Variable Coefficients Standard-error t-ratio b0 Constant -1.259 0.416 -3.026*** b1 Feed Conversion 0.640 0.202 3.171*** b2 Price Hired Labor -0.032 0.010 -3.083*** b3 Price of Electricity n.s. - - b4 Price of Litter n.s. - - b5 Collecting and Truck Loading Price n.s. - - b6 Heating Price n.s. - - b7 Output Broiler Price 0.752 0.063 11.951*** b8 Agricultural Land n.s. - - b9 Family Labor -0.215 0.092 -2.346** b10 Capital n.s. - - d0 Constant -2.626 1.285 -2.043** d1 Length of Time Decision Maker in Activity -0.145 0.079 -1.832* d2 E1 Dummy (0 for < 2,1 for others) n.s. - - d3 E2 Dummy (0 for < = 6,1 for others) 0.588 0.303 1.939* d4 Length of Time Decision Maker in this Farm n.s. - - d5 Animal Concentration in Regions -0.372 0.219 -1.694* d6 Animal Concentration on Farm n.s. - - d7 Environmental Cost 1.777 0.713 2.491** d8 Distance of the City n.s. - - d9 Taxes -2.551 0.990 -2.577*** d10 Information Index 2.118 0.163 13.018*** d11 DummyPR -0.792 0.330 -2.400** d12 DummyRS -2.376 0.963 -2.466** d13 DummyMG 1.427 0.436 3.274*** d14 DummyMS -1.330 0.602 -2.210** d15 DummyMT -1.910 0.721 -2.650*** d16 DummyGO -3.322 0.850 -3.907*** s2 Sigma-squared 0.473 0.051 9.202*** g Gamma 0.965 0.008 123.806***

Source: CEPEA/ESALQ/USP
* Significant 10%
** Significant 5%
*** Significant 1%
Note: All state dummy variables are zero for Santa Catarina.

Mean Efficiency by Stratum

Source: CEPEA/ESALQ/USP

Mean Efficiency by Region

Source: CEPEA/ESALQ/USP

Mean Efficiency by Scale

Source: CEPEA/ESALQ/USP

Mean Efficiency by State

Source: CEPEA/ESALQ/USP

Based on the LR test, the stochastic frontier estimation is statistically different from the OLS estimation in which the technical effects are assumed to be absent (i. e., Ui = 0 for all farmers). The generalized likelihood-ratio statistic for testing for the absence of the technical inefficiency effects from the frontier is calculated to be 512.447. Hence the null hypotheses of no technical inefficiency effects are rejected (critical values in Kodde and Palm (1986)). The estimated of gamma of 0.965 is also clearly different from zero (standard-error = 0,008), suggesting that the auxiliary equation (the technical efficiency equation) play an important role in the estimation of the frontier function. The gamma-estimate is not significantly different from one, which indicates that the stochastic frontier model may not be significantly different from the deterministic frontier, in which there are no random errors in the profit function.

The numbers of observations used in the fitting of the broiler model was 229. Mean efficiency for broiler is 0,860.

8.2.3. Results for layer

Table 8.2 shows the maximum-likelihood estimates of the parameters in the stochastic frontier profit function, given the specifications for the technical inefficiency effects.

Table 8.2 Results for the stochastic frontier profit function - layer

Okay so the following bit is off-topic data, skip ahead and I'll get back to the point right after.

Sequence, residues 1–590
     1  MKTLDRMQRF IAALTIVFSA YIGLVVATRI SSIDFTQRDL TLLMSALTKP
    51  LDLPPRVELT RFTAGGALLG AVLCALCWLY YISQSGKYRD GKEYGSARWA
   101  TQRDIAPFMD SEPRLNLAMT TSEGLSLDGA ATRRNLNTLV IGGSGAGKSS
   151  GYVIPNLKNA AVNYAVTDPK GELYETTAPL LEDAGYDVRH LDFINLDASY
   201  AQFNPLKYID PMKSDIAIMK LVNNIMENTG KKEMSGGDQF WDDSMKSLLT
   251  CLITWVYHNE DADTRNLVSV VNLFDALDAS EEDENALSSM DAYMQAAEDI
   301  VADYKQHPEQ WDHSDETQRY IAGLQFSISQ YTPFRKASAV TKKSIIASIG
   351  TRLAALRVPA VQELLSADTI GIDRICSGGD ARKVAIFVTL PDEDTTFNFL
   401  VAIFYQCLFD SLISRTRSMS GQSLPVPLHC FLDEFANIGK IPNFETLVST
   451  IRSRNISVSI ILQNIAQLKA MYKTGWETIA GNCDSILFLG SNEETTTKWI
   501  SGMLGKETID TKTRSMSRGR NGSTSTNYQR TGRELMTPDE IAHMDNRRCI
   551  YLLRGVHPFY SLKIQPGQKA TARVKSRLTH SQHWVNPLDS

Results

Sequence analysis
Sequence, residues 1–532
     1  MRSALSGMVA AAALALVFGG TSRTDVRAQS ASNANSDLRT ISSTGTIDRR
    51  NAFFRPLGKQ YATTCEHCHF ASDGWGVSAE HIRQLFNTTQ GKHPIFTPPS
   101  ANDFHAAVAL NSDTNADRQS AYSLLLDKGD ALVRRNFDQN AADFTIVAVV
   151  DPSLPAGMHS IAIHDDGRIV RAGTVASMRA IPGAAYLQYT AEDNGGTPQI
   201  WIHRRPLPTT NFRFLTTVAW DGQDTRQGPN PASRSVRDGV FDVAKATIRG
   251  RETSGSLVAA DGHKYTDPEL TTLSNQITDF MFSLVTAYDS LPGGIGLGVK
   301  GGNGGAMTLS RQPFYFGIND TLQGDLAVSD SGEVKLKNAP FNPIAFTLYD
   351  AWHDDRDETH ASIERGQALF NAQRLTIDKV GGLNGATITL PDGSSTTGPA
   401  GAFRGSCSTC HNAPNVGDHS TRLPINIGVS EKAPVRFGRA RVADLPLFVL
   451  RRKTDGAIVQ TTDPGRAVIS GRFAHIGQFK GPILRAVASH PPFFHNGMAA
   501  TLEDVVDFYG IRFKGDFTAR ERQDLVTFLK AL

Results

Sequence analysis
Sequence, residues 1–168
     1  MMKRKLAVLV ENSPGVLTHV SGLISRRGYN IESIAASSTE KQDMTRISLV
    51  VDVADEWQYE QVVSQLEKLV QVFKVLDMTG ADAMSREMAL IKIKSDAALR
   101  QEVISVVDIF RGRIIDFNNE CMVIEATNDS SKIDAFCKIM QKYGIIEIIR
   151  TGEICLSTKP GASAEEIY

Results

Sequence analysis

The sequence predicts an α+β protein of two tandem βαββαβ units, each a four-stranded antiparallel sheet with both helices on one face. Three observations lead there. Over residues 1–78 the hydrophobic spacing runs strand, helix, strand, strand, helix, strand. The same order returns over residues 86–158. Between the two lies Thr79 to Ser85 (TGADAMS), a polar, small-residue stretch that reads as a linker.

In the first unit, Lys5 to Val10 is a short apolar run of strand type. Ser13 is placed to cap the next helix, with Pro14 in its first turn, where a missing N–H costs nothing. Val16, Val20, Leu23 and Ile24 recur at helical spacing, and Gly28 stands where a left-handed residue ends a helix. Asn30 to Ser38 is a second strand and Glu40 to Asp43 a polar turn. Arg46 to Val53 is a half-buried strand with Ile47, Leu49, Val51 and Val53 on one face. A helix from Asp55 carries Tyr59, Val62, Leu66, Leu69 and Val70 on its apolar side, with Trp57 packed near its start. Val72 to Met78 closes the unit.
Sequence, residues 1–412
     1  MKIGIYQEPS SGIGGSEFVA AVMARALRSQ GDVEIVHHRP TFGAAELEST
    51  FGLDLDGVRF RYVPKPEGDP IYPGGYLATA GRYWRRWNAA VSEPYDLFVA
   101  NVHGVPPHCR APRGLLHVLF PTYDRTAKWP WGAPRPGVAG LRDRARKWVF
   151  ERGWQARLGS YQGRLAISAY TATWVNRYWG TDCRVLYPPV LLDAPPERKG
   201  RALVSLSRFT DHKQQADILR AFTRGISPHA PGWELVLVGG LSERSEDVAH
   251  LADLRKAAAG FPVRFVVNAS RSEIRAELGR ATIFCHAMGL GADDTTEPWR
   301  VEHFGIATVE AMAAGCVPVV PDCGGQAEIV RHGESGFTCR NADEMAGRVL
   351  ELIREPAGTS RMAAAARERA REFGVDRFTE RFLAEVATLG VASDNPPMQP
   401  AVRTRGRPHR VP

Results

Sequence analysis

Variable Coefficients Standard-error t-ratio b0 Constant -101.202 1.773 -57.091*** b1 Feed Conversion -1.443 0.216 -6.680*** b2 Feed Price -1.257 0.201 -6.259*** b3 Price of Hired Labor -0.169 0.085 -1.997** b4 Price of Electricity n.s. - - b5 Price Freight n.s. - - b6 Agricultural Land 39.232 0.695 56.415*** b7 Family Labor n.s. - - b8 Capital -0.060 0.034 -1.772* d0 Constant -16.126 2.202 -7.323*** d1 Length of Time Decision Maker in this Farm n.s. - - d2 Level of Education for Decision Maker 3.253 0.511 6.371*** d3 Age of the Decision Maker n.s. - - d4 Length of Time Decision Maker in Activity n.s. - - d5 Animal Concentration in Regions 1.843 0.309 5.962*** d6 Animal Concentration on the Farm n.s. - - d7 Environmental Cost 1.345 0.237 5.679*** d8 Distance of the City 1.136 0.090 12.555*** d9 Information Index n.s. - - d10 DummySP -10.336 0.642 -16.088*** d11 DummyPR -4.527 0.568 -7.972*** s2 Sigma-squared 2.743 0.158 17.392*** g Gamma 0.998 0.001 1312.501***

Source: CEPEA/ESALQ/USP
* Significant 10%
** Significant 5%
*** Significant 1%
Note: All state dummy variables are zero for Minas Gerais.

The means efficiency by stratum, by State, by scale and by region is presented in the pictures below.

Mean Efficiency by Stratum

Source: CEPEA/ESALQ/USP

Mean Efficiency by Scale

Source: CEPEA/ESALQ/USP

Mean Efficiency by State

Source: CEPEA/ESALQ/USP

The gamma-estimate for layer is not significantly different from one, which indicates that the stochastic frontier model may not be significantly different from the deterministic frontier. The estimate for Gamma is 0.998 (too close to 1) and the estimate for standard error is low (0.001). The LR test is also significant (268.602) showing that the null hypothesis of no technical inefficiency effects is rejected.

The numbers of observations used in the layer model was 89. The mean efficiency is 0.817.

8.2.4. Results for swine

The maximum-likelihood estimates of the parameters in the stochastic frontier profit function, given the specifications for the technical inefficiency effects are given in Table 8.3.

Table 8.3 Results for the stochastic frontier profit function - swine.